Bnei Brak, Beitar Illit, Elad in top infection tier as cabinet to meet on rules

Ultra-Orthodox community sees further rise in transmission rates; nearly 2,500 medical workers in isolation as healthcare workers start to get vaccinated

Illustrative: Ultra-Orthodox Jews walk in Bnei Brak on October 14, 2020, during a nationwide lockdown to prevent the spread of COVID-19. (Yossi Aloni/Flash90)
Illustrative: Ultra-Orthodox Jews walk in Bnei Brak on October 14, 2020, during a nationwide lockdown to prevent the spread of COVID-19. (Yossi Aloni/Flash90)

The Health Ministry announced on Sunday morning that a number of predominantly ultra-Orthodox localities were classified as high-infection areas as ministers were set to meet on renewed restrictions both nationwide and on a local level.

Bnei Brak, Beitar Illit and Elad were classified as “red” areas, meaning they would be placed under further restrictions. Additionally the West Bank settlement of Givat Ze’ev; Yafa an-Naseriyye, an Arab town in the Galilee; and a number of Jerusalem neighborhoods were also named as high-infection zones.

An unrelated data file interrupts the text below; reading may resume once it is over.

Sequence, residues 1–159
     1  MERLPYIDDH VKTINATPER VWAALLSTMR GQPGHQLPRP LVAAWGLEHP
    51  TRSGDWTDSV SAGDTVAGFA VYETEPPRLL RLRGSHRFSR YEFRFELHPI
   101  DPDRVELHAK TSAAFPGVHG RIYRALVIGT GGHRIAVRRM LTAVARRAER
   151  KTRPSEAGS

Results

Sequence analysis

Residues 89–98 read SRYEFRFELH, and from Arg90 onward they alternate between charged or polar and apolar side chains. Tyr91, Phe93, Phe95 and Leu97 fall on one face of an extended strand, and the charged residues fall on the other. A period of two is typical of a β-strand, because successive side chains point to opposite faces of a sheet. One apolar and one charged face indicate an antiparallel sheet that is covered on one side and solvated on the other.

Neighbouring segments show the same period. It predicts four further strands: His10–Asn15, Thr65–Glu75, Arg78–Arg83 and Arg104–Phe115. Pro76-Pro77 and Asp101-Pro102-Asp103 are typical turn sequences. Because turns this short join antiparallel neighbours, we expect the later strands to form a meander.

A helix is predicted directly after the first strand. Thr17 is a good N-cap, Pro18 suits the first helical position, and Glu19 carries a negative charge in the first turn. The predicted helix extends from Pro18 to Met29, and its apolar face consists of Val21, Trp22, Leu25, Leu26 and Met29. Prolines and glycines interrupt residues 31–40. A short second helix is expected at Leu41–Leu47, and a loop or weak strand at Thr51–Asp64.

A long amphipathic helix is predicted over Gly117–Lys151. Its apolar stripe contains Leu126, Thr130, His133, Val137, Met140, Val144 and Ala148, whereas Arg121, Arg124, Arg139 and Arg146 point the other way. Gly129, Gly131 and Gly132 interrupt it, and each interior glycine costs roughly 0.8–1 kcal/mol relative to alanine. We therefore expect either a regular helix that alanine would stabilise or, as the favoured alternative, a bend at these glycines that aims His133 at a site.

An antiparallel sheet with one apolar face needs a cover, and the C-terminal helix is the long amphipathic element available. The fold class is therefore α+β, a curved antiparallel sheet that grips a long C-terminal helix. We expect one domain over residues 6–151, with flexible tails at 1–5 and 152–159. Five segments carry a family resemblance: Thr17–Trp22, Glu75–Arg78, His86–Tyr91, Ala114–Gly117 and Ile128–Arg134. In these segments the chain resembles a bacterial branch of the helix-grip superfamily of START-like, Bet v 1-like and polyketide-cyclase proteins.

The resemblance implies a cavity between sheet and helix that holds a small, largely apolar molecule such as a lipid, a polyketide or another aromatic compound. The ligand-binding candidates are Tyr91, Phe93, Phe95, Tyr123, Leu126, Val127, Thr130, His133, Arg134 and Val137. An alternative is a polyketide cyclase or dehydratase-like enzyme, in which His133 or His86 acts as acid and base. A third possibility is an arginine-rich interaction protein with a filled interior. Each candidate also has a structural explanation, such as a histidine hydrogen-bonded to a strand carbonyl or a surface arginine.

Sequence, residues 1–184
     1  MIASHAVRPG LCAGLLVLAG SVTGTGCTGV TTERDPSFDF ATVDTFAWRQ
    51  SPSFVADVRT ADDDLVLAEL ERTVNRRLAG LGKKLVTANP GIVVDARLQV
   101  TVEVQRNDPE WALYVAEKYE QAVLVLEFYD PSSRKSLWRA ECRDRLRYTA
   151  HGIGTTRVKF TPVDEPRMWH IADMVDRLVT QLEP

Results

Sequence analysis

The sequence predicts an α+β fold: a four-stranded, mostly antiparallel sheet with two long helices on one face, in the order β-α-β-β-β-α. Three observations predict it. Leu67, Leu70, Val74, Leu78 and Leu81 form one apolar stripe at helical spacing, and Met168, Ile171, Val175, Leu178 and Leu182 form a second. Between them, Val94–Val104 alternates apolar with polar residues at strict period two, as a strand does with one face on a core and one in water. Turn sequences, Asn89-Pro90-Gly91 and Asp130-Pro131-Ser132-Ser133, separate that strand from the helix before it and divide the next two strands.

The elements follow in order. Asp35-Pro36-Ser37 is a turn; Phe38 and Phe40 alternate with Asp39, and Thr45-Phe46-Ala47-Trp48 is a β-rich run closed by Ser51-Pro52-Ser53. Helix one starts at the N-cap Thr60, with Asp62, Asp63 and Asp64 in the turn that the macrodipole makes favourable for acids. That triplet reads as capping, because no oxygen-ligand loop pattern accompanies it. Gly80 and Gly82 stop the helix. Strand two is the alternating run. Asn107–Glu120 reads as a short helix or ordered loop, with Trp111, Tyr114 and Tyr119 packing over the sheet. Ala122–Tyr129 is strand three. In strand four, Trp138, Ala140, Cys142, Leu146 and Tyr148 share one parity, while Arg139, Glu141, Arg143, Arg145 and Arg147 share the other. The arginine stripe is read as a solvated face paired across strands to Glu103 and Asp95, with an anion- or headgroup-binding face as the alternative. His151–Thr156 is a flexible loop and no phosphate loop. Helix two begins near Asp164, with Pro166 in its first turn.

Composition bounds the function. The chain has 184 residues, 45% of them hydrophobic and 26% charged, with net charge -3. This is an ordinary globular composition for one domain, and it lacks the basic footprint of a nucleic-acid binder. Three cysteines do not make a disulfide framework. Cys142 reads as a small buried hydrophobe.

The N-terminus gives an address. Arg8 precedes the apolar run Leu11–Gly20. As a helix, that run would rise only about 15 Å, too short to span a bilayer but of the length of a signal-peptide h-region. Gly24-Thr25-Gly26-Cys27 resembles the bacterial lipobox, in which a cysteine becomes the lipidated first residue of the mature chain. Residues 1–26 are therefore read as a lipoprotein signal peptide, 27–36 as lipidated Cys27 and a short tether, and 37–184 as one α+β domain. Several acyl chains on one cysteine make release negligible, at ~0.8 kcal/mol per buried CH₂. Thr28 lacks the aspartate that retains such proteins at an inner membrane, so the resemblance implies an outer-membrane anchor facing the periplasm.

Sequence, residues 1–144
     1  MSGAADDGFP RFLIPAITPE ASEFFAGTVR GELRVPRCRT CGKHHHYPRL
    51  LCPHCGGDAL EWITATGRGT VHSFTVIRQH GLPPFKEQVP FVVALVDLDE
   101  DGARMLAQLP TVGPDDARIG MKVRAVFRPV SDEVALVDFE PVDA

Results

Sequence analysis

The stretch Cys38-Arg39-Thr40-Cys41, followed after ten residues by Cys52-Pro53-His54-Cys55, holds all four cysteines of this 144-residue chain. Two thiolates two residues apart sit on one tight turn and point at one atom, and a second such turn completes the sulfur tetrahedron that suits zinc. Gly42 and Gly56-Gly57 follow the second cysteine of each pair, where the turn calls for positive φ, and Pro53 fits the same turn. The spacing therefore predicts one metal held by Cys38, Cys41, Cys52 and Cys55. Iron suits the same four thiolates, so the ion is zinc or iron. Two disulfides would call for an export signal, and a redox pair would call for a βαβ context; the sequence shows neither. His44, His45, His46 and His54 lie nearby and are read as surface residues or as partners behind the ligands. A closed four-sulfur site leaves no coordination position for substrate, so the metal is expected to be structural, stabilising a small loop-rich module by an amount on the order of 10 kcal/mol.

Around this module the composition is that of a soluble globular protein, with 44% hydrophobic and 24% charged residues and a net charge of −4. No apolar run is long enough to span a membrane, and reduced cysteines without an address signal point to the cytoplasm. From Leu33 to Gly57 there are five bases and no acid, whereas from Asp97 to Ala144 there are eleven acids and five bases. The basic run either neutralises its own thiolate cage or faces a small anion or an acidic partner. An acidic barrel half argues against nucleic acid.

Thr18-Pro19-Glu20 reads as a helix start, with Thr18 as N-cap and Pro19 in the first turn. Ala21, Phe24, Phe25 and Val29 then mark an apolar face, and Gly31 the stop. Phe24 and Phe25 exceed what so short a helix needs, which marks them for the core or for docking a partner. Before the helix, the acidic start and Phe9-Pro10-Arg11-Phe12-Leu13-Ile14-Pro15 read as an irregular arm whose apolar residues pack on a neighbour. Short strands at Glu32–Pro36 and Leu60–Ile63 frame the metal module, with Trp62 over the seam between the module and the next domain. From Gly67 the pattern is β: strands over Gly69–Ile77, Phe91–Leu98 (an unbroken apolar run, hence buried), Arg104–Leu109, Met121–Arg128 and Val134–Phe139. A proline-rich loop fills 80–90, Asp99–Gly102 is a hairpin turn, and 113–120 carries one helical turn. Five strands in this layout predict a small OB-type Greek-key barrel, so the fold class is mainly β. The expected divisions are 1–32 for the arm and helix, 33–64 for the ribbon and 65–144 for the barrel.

Additionally, data released by the ministry showed that as transmission rates were increasing across the country, they were rising at a faster rate within the ultra-Orthodox community.

The Health Ministry said on Sunday the overall basic reproduction rate, which represents the average number of people every carrier infects, had risen to 1.25. Any reading over one signals the spread of the virus is accelerating.

A Magen David Adom medical worker test Israelis for coronavirus at a mobile testing site in Jerusalem on December 16, 2020. (Yonatan Sindel/Flash90)

However, the rate was far higher among the ultra-Orthodox community, at 1.7, signaling an acceleration in the spread of COVID-19 in Haredi areas.

An initial virus outbreak earlier this year hit the community hard after some top rabbis advised against adopting Health Ministry rules that were aimed at curbing the virus spread but would have disrupted ultra-Orthodox community life.